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Tuesday, December 04, 2007
 
Solaris: Handling idle socket connections

(based on the writings of Gregory Bedigian, Joonbo Yoon and Neil Putnam, Sun Microsystems)

It is not uncommon to see lots of idle TCP connections (run netstat -a on Solaris to check the state of TCP connections on Solaris) in real world production systems. Here is a little background on the IDLE state for TCP socket connections:

TCP endpoints are in IDLE state when first created. After the socket creation (listening socket or the client socket), a call is normally made to the bind() system call in order to make the server port to listen or connect() call from client to communicate with the server.

In the instance where bind() is not used in the server program; or the equivalent connect() in the client program, the state of the TCP connection will be IDLE. Check the tcp.h for relevant comments.
% grep IDLE /usr/include/inet/tcp.h
#define TCPS_IDLE -5 /* idle (opened, but not bound) */

Typically on Solaris, IDLE TCP connections are maintained indefinitely once created, even if no communication occurs between host systems. Note that keeping the connection open may consume host and/or application resources. However there are no TCP/IP tunable parameters to tweak idle, unbound socket connections.

Other possible scenarios where we may see lots of IDLE connections

In any case, server treats them as valid connections; and the resources allocated to those connections will be kept intact. Next few paragraphs show how to clean up such idle connections.

TCP keepalive option on Solaris

TCP keepalive is a feature provided by many TCP implementations, including Solaris, as a way to clean up idle connections in situations like the ones mentioned above. Applications must enable this feature with the SO_KEEPALIVE socket option via the setsockopt(3SOCKET) socket call. Once enabled, a keepalive probe packet is sent to the other end of the socket provided the connection has remained in the ESTABLISHED state and has been idle for the specified time frame. This time frame is the value specified by the TCP tunable tcp_keepalive_interval.

A keepalive probe packet is handled just like any other TCP packet which requires an acknowledgment (ACK) from the other end of the socket connection. It will be retransmitted per the standard retransmission backoff algorithm. If no response is received by the time specified for the other TCP tunable, tcp_ip_abort_interval, the connection is terminated, as would be the case for any other unacknowledged packet. Hence the actual maximum idle time of a connection utilizing TCP keepalive, which has no responding peer will therefore be:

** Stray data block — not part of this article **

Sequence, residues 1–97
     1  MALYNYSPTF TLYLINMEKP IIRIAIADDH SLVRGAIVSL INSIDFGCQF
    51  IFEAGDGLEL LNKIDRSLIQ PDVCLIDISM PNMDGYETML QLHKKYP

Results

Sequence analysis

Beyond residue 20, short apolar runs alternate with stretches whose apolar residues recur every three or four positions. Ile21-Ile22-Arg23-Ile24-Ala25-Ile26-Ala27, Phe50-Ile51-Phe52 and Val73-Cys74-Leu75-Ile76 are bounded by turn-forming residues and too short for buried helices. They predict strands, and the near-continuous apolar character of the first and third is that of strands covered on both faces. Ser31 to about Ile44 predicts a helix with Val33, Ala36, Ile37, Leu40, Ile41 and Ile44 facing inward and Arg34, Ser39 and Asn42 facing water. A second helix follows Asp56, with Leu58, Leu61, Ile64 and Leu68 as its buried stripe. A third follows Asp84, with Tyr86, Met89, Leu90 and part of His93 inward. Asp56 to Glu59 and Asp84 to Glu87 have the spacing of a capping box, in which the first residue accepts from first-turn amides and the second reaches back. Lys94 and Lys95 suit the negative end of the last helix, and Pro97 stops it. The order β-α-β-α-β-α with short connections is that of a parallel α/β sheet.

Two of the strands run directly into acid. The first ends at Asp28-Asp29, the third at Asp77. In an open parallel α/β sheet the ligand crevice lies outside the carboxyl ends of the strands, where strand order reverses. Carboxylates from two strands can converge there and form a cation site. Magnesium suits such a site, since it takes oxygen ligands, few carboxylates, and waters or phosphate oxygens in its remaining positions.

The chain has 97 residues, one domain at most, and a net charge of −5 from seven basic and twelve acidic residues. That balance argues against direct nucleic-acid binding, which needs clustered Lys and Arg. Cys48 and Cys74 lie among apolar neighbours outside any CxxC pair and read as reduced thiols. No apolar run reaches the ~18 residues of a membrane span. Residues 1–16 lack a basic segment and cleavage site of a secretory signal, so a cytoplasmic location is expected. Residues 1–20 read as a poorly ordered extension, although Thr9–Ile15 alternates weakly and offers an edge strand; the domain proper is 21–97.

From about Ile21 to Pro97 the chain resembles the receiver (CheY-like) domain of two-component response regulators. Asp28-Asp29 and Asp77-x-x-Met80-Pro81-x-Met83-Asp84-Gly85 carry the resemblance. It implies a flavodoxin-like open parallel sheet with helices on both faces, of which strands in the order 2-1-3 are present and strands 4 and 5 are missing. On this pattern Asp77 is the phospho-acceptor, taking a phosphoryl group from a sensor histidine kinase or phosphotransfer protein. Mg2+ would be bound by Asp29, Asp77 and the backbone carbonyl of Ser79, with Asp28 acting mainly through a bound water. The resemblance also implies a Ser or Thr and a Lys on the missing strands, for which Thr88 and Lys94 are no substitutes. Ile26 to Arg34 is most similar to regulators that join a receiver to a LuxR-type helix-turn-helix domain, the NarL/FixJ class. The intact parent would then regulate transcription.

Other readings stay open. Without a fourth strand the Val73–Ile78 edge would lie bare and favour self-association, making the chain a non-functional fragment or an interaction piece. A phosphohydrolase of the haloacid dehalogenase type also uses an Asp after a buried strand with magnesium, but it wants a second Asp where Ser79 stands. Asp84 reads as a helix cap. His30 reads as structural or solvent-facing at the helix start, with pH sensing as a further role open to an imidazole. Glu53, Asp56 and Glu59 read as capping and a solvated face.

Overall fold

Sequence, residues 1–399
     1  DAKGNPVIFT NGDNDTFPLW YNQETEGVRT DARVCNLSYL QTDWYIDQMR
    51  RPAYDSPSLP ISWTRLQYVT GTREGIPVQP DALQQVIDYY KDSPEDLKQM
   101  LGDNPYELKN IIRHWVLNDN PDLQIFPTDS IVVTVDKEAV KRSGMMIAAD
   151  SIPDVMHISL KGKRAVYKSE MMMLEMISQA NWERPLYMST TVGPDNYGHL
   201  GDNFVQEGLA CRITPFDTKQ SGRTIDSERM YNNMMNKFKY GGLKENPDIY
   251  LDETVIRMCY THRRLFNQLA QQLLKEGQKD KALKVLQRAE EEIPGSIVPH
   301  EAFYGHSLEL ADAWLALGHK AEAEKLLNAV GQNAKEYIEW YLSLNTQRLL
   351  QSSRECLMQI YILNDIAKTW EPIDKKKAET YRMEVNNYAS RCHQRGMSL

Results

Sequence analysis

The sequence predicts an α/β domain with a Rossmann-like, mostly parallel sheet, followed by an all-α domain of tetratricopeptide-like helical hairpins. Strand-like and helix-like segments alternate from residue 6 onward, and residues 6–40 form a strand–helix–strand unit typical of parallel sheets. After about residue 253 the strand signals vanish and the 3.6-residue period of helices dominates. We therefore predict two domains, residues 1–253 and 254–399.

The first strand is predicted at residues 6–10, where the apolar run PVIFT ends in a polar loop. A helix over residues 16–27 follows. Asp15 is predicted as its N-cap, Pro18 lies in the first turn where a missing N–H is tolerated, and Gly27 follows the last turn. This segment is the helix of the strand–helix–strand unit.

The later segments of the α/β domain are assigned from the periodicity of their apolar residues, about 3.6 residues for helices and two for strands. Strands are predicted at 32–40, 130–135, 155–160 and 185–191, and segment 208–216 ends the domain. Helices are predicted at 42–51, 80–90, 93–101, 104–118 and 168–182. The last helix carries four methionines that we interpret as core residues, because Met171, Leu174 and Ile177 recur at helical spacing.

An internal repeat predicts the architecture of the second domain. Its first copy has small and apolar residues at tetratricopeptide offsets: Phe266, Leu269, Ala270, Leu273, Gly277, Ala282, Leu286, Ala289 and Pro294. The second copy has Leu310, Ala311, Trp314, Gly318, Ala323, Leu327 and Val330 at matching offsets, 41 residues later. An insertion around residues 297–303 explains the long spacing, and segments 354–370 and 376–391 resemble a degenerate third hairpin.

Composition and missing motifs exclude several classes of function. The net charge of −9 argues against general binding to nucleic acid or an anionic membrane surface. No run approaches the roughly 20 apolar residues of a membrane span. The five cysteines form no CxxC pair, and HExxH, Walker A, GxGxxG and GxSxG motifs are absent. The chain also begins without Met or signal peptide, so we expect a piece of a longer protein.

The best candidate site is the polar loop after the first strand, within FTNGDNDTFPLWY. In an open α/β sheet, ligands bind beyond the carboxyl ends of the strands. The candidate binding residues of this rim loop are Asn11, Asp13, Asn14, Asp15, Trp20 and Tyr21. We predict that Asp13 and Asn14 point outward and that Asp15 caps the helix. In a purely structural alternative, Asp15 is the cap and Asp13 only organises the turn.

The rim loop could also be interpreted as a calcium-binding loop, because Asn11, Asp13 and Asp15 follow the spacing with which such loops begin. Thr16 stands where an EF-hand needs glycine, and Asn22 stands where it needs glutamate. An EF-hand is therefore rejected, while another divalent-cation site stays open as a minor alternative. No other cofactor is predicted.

tcp_keepalive_interval + tcp_ip_abort_interval
.
To set the relevant TCP tunables on Solaris, run:
/usr/sbin/ndd -set /dev/tcp tcp_keepalive_interval <value in milliseconds>
/usr/sbin/ndd -set /dev/tcp tcp_ip_abort_interval <value in milliseconds>

The above parameters are global and will affect the entire system. Keep in mind that TCP keepalive probes have no effect on inactive connections as long as the remote host is still responding to probes. However care should be taken to ensure the above parameters remain at a high enough value to avoid unnecessary traffic and other issues such as prematurely closing active connections in situations where a few packets have gone missing.
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Comments:
Hi, actually i want know how to enable send keep alive pckts for a connection on solaris? I know we can configure that interval by ndd command. By default it is off.
 
Hi,

This doesn't work. We have unbound sockets not cleaned up properly e.g.

*.* *.* 0 0 49152 0 IDLE

And setting the SO_KEEPALIVE in setsockopts does not clean up this socket after the specified timeout.
 
You are here conflating two different things: IDLE sockets and idle TCP connections. They aren't the same thing. An idle connection shows up in netstat as ESTABLISHED. Setting keepalive etc has nothing to do with idle sockets whatsoever.
 
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